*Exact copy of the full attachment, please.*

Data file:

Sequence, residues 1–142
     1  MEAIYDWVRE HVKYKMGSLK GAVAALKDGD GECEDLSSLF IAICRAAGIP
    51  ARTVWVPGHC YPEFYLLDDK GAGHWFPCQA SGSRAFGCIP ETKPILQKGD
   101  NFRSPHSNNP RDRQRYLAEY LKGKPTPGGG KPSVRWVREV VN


Sequence, residues 1–142
     1  MEAIYDWVRE HVKYKMGSLK GAVAALKDGD GECEDLSSLF IAICRAAGIP
    51  ARTVWVPGHC YPEFYLLDDK GAGHWFPCQA SGSRAFGCIP ETKPILQKGD
   101  NFRSPHSNNP RDRQRYLAEY LKGKPTPGGG KPSVRWVREV VN